'Tragic series of missteps' by Thunder Bay police led to man's death: SIU
No charges, but SIU concludes intoxicated man received 'substandard' care while in custody
Ontario's Special Investigations Unit says an intoxicated man, experiencing breathing difficulties, was left unattended in Thunder Bay police cells for nearly five hours before his death.
There are no reasonable grounds to charge any one officer with a criminal offence relating to the death of the 44-year-old on August 3, 2014, according to a report released by the SIU on Thursday.
However, the report details what SIU director Tony Loparco calls a "tragic series of missteps by all of the officers involved in the man's custody that conspired against the man that day."
Police were dispatched to a church in Thunder Bay at approximately 4:15 p.m. on August 2, regarding an intoxicated man, the SIU report said. Paramedics arrived and "dealt with the man", then left the scene and police took him into custody.
Arrest was 'lawful'
"There is little doubt that the man's arrest for public intoxication was lawful. He was highly intoxicated and in no condition to care for himself," Loparco said in his report. "However, the [SIU] investigation has revealed problems with the manner in which the man was cared for while in police custody."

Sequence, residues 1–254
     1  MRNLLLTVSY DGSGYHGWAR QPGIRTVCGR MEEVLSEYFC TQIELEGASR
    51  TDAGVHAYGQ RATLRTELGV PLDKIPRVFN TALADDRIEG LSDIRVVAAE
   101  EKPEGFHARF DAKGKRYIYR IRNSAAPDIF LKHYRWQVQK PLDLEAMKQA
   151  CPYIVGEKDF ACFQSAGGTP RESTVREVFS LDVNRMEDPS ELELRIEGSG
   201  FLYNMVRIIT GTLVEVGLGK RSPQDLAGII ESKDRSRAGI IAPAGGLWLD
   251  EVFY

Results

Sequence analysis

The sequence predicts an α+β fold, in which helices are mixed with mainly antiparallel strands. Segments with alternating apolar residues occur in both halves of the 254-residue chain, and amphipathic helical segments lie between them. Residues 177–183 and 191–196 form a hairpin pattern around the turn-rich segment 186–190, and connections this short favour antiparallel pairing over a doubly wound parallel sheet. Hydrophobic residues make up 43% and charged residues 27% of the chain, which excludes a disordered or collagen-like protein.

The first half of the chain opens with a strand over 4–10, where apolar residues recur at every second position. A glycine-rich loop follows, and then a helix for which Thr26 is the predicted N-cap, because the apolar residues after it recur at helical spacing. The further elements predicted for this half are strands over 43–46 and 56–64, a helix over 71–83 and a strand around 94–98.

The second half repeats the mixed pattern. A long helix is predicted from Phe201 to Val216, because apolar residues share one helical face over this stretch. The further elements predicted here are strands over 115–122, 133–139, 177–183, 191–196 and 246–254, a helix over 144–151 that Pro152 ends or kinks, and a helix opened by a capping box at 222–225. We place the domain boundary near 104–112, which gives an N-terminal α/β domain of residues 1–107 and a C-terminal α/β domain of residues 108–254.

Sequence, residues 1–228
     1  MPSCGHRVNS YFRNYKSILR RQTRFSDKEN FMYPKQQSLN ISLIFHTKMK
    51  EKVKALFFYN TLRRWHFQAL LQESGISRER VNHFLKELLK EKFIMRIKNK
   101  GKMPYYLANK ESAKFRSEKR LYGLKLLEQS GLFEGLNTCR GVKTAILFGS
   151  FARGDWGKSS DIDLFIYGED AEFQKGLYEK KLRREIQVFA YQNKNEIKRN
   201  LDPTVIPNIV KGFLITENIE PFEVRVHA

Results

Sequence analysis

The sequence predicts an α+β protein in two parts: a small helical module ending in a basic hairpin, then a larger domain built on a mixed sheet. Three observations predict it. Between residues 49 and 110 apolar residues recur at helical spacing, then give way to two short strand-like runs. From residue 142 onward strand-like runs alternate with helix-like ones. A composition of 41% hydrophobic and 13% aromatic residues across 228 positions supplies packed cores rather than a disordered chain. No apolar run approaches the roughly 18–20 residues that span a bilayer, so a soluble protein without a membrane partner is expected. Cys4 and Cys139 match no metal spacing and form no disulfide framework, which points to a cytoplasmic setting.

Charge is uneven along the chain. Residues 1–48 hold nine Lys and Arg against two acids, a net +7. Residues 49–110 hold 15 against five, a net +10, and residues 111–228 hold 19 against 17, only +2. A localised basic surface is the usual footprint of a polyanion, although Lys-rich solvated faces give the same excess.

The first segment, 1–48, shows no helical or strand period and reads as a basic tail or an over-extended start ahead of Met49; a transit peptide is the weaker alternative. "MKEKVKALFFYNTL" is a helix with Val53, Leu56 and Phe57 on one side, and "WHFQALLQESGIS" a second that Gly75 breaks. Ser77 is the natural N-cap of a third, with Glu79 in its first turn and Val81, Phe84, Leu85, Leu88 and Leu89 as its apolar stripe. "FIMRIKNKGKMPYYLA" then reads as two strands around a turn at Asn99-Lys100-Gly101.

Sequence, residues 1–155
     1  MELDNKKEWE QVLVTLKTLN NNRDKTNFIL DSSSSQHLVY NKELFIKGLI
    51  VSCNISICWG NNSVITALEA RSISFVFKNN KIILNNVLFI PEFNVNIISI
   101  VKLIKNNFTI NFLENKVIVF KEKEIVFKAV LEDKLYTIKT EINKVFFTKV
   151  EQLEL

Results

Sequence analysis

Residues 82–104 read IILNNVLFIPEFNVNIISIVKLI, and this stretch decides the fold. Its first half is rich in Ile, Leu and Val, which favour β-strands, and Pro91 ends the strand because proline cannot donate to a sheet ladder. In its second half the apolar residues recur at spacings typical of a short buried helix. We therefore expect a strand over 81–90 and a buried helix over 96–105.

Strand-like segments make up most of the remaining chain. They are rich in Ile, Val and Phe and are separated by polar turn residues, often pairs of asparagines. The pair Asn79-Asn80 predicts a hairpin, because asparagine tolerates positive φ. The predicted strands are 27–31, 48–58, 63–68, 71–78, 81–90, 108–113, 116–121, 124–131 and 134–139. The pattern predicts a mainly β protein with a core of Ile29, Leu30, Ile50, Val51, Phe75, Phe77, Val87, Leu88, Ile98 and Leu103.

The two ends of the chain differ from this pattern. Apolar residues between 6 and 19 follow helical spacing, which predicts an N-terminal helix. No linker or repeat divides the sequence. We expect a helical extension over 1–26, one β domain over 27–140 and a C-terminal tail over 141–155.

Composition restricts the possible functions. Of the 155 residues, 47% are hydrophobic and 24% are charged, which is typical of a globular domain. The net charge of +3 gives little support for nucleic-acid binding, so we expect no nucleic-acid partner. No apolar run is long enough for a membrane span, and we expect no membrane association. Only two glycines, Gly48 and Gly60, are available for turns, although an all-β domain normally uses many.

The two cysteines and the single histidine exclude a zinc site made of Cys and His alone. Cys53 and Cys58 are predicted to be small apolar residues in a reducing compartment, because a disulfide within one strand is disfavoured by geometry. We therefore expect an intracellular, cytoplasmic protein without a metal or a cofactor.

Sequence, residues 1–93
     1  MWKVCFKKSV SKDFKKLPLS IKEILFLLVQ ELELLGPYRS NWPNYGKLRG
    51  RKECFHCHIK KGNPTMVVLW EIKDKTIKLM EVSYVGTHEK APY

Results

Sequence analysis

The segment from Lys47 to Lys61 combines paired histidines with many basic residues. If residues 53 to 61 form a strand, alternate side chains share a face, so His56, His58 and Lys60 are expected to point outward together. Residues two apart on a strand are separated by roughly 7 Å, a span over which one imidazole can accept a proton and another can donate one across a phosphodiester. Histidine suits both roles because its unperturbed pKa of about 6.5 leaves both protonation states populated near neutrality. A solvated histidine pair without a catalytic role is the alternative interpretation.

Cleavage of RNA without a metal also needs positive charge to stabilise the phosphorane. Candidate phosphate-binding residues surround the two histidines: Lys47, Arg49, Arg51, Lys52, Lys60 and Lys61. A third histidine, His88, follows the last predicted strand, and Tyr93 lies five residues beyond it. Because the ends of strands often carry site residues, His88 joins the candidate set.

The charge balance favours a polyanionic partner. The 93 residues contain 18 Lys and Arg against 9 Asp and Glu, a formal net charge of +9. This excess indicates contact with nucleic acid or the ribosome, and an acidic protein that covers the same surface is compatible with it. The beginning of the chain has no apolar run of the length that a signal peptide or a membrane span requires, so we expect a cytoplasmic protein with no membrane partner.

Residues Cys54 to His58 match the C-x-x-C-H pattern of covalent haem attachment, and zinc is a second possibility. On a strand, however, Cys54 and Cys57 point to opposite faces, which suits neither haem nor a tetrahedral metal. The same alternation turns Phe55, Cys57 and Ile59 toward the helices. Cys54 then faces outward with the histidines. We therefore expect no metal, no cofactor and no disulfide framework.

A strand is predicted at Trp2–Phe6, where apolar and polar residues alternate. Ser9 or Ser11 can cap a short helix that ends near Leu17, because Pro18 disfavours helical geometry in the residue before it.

The arresting officers did not tell the paramedics the man was experiencing breathing difficulties, Loparco said. Nor did they convey the information to the officers responsible for the man while he was in the cells.
When the man asked to go to hospital a second time because of shortness of breath, according to the report, police told him he had been cleared by paramedics.
"The officers, it seems to me, ought to have erred on the side of caution and taken him to hospital," Loparco said.
Man found dead on cell floor
The report also had harsh words for the officer with the closest contact with the man in the cells.
"With respect to the subject officer, the [SIU] investigation is simply at a loss to explain why she failed to conduct personal checks on the man as she was required to do pursuant to police policy," Loparco wrote.
No personal checks were done on the man for "upwards of five hours," he said.
At 3 a.m. on August 3, the man was found unresponsive on the cell and pronounced dead.
An autopsy found the man died of ketoacidosis complicating diabetes mellitus, chronic alcoholism and septicemia.
Loparco said he considered a charge of failure to provide the necessities of life and found the circumstances were "close to the line".
The fact the paramedics at the scene said the man was fine and did not need to go to hospital mitigates the officers' conduct, Loparco said.
"In some ways, it is because the responsibility in this case is spread wide across the officers that there is insufficient evidence that any one officer is sufficiently blameworthy to attract criminal sanction," he concluded.